Cultivate a beginner’s mind

Those who are intellectually humble, know more, possibly because they are open to learning and are not as fixed in their views

Published - March 02, 2024 10:18 pm IST

A person with a beginner’s mind is genuinely attentive and intrigued by multiple potentialities

A person with a beginner’s mind is genuinely attentive and intrigued by multiple potentialities | Photo Credit: Freepik

Though the idea of babies being born with a “tabula rasa”, or blank slate, has been discredited by psychological research, this construct — that was championed by philosopher John Locke — resonates with the Zen concept of shoshin or beginner’s mind and holds value for learners of all ages. Even as we prize knowledge and expertise, every person, no matter how educated or erudite they may be, can benefit from cultivating shoshin. Like many Zen aphorisms, the idea of a beginner’s mind is also paradoxical.

“In the beginner’s mind there are many possibilities but, in the expert’s mind, there are few,” writes Zen master Shunryu Suzuki, in his book, Zen Mind, Beginner’s Mind. It is this openness to various options and alternative pathways that characterises the beginner’s mind. In their book, Teaching with Compassion, sociologists Peter Kaufman and Janine Schipper aver that a beginner’s mind embodies a “child-like” curiosity that is “primed for exploration and wonder”. Instead of being hemmed in by a “right” manner of conceptualising, planning or proceeding, a person with a beginner’s mind is genuinely attentive and intrigued by multiple potentialities.

As cognitive neuroscientist, Christian Jarrett, points out in an article on the web magazine Psyche, expertise is not an unalloyed blessing, as it is often accompanied by dogmatism and hubris. The history of Science is replete with stories of theories that are now well-established but were either ignored or lampooned by so-called experts when they were first espoused. Galileo, Wegener, Tesla and Chandrasekhar are only a few examples of individuals who championed ideas that were deemed ridiculous by authorities in their respective fields but were later proven correct. Jarrett points out that “intellectual hubris” is not limited to scientific experts. In one study, college graduates overestimated their knowledge related to their fields vis-a-vis a test that actually tested their understanding.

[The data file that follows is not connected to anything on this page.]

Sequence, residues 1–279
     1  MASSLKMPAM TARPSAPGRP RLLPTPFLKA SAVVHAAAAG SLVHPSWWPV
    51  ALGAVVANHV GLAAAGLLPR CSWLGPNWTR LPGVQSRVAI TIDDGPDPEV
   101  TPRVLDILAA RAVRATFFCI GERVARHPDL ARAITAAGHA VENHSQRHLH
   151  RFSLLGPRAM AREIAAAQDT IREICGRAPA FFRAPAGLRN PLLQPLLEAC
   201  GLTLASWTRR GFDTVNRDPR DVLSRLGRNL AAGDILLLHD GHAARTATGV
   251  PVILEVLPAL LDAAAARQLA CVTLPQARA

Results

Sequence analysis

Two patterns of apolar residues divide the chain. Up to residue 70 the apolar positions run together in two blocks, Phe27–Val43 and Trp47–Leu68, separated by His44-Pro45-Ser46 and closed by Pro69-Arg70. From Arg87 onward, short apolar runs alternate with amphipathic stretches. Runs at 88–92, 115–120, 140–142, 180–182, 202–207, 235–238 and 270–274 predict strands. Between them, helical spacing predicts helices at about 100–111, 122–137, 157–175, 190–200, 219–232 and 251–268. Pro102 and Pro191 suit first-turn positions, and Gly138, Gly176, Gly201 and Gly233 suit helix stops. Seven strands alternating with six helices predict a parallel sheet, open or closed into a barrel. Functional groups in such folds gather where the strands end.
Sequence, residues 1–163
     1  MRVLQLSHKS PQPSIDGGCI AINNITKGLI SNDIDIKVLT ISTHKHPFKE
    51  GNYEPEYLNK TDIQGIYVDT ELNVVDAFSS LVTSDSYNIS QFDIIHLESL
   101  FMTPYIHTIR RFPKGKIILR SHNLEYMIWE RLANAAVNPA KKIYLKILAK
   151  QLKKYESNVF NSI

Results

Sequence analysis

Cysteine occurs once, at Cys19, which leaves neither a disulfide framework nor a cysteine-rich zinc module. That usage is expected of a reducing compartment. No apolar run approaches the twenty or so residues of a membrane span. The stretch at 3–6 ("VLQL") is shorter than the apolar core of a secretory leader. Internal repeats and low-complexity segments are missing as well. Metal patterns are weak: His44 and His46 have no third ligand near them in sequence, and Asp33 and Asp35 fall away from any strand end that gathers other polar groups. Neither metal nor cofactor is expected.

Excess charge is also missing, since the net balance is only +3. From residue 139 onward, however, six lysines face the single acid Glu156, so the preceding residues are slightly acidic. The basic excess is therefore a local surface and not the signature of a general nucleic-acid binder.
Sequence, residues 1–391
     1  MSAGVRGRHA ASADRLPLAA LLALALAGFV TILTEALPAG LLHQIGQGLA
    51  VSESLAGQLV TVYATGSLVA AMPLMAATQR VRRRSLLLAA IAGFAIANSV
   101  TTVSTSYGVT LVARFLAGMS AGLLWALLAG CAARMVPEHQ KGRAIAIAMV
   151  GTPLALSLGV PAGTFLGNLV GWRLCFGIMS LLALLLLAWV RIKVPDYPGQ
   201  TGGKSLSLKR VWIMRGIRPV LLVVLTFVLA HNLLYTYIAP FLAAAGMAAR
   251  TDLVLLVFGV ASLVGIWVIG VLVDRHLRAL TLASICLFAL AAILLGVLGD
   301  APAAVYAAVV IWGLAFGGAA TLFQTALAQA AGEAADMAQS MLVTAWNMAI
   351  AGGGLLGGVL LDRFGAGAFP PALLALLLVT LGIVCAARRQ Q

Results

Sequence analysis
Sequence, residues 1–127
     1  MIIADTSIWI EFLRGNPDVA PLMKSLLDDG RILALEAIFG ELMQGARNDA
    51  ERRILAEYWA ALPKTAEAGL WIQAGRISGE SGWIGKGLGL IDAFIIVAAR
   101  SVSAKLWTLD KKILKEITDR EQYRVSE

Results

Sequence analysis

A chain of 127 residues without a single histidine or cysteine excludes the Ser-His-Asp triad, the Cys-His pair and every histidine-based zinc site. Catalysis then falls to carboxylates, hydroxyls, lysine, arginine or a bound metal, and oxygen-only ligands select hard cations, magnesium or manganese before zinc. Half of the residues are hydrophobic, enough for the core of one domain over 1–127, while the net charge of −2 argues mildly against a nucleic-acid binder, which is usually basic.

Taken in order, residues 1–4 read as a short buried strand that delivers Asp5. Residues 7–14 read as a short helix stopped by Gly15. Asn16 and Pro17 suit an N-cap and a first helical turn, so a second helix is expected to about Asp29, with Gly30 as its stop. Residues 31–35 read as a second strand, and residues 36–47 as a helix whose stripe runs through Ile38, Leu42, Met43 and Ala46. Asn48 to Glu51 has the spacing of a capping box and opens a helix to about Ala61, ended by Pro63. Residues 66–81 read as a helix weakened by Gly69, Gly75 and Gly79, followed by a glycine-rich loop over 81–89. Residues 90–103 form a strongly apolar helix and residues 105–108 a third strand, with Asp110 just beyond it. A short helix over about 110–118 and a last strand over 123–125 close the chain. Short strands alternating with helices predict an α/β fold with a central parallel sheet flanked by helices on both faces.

Action points

Those who are intellectually humble, know more, possibly because they are open to learning and are not as fixed in their views. So, how can you cultivate and maintain a beginner’s mind? Jarrett offers the following tips. Most people tend to overestimate their own knowledge on varied topics from how a camera works to what factors precipitated the last recession. However, if we try to explain issues or topics to ourselves or somebody else, we may realise the lacunae in our understanding.

Next, we may play devil’s advocate with ourselves. As humans, we tend to suffer from the fallacy of “confirmation bias,” wherein we “seek out information” that corroborates our views and beliefs while ignoring or dismissing contradictory evidence. Jarrett exhorts us to acknowledge this tendency. Then, to counteract it, he coaxes us to ferret out “information and perspectives” that might oppose our views.

You may also cultivate a growth mindset that believes that people’s intelligence, including your own, can be changed with experience. According to Jarrett, those who espouse intellectual humility also tend to have a growth mindset. In contrast, those with a fixed mindset think that intelligence is largely determined by your genetic endowment. Those with a growth mindset do not necessarily feel diminished when fractures in their understanding are revealed because their believe that they can learn and fill in the chinks. But those with a fixed mindset see weaknesses in their argument as a threat to their intelligence and possibly their identities as well.

Inject awe experiences into your life, recommends Jarrett. Whether it’s admiring the variegated vibrancy of fish in a large aquarium or staring at a star-studded night sky or marvelling at the seamless synchronicity of a dance ballet, experiences of wonder tend to make people more humble and open. Finally, Jarrett reminds us that as shoshin tends to vary across situations, we cannot assume that we approach all facets of life with a beginner’s mind. Rather, we need to remind ourselves periodically to remain humble and open and gaze at the world with a childlike curiosity.

The writer is the author of Zero Limits: Things Every 20-Something Should Know & blogs at

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